Home Donors, Volunteers Organizations Tornado relief: How you can help – dayton.com

Tornado relief: How you can help – dayton.com

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Nick Eddy expected his phone be ringing off the hook Tuesday morning, that day after tornadoes ripped through cities in Montgomery, Greene and Mercer counties.

>> DAYTON TORNADO RELIEF: Everything you need to know after the storm

 Instead Eddy, the manger of the United Way of the Greater Dayton Area’s Volunteer Connection, said the nonprofits he works with have been working hard to assess the needs of those they serve and to put out figurative fires. 

“Everybody is running around talking about urgent matters like electric,” Eddy said.

Severe storms and tornadoes hit the Miami Valley Monday night, leaving many in the area without power, access to drinkable water or safe shelter.


>> Widespread damage reported in Montgomery, Greene, Mercer counties



Contribute to the fund 

The Dayton Foundation has established the Greater Dayton Disaster Relief Fund.

The fund was established to “allow the Foundation to quickly distribute disaster relief funds to charitable organizations that currently are working to help provide food, clothing and shelter for our friends and neighbors who are affected by these storms,” a note on the Dayton Foundation website reads. 

Contributes can be mailed to  The Dayton Foundation, 40 N. Main Street, Suite 500, Dayton, OH 45423. 

A donation can also be made on online here. 

List “Greater Dayton Disaster Relief” on the check or in the fund name field.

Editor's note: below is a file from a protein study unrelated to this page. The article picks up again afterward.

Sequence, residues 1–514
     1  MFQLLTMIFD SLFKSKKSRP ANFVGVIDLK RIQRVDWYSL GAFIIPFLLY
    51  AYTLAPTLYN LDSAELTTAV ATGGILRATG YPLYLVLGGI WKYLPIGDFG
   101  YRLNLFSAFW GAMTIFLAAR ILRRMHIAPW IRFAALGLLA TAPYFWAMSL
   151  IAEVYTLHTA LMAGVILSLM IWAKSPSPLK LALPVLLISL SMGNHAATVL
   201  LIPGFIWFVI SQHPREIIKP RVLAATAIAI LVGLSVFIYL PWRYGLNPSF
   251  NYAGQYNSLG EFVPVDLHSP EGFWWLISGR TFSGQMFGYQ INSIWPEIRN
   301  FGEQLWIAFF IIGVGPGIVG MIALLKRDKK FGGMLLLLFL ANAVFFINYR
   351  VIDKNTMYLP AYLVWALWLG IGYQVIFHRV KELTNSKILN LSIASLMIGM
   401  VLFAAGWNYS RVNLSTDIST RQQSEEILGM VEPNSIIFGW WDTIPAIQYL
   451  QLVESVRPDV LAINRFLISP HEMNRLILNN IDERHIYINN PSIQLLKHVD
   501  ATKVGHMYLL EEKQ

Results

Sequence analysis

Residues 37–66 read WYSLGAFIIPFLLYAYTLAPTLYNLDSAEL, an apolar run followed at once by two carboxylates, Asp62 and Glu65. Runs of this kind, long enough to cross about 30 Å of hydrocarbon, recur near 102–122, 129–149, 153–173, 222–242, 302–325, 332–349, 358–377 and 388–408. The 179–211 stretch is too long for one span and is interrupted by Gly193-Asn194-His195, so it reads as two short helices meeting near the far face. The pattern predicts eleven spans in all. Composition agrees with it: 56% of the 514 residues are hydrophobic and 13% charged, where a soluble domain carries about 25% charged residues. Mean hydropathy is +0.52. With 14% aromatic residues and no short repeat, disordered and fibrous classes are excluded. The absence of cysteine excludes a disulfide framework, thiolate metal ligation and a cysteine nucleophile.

=•  Support the Foodbank 

To help those affected by severe weather, The Foodbank in Dayton is asking for bottled water and non-perishable food item donations, as well as volunteers to help sort food. The Foodbank ask that the non-perishable food items are easy to open.

>> RELATED: Dayton Foodbank ranked No. 2 in the nation

Bottled water and non-perishable food item donations can be dropped off at the warehouse at 56 Armor Place in Dayton from 7:30 a.m. to 4 p.m.  until May 30.

Those looking to volunteer their time can go to the warehouse to help sort food, also from 7:30 a.m. to 4 p.m.

>> PHOTOS: Daylight reveals widespread damage from Monday storms

The Foodbank asked those looking to volunteer to stay out of affected areas due to safety concerns.

• Help the Red Cross

 The American Red Cross said the best and quickest way to assist those impacted is to donate money, since it takes time and money to sort, store and distribute donated items.

To make a $10 donation, visit RedCross.org, call 1-800-REDCROSS or text the word RedCROSS to 90999.

• Roll up your sleeves 

 Ginghamsburg Methodist Church’s Fort McKinney campus, 3721 W. Siebenthaler Ave., Harrison Twp., Montgomery County, will hold neighborhood clean ups beginning to night around 6 p.m. and Wednesday, May 29 beginning at 10 a.m.  

>> RELATED: AAA tips on what to do after a storm

Rev. Jon Morgan said area residents are welcome to come and bring gloves, chainsaws and other tools. 

The church’s Tipp City campus is organizing its June 8 and June 22 service days around assisting those harmed by the storms and tornadoes, Nathan Combs, the church’s  executive director of operations, said.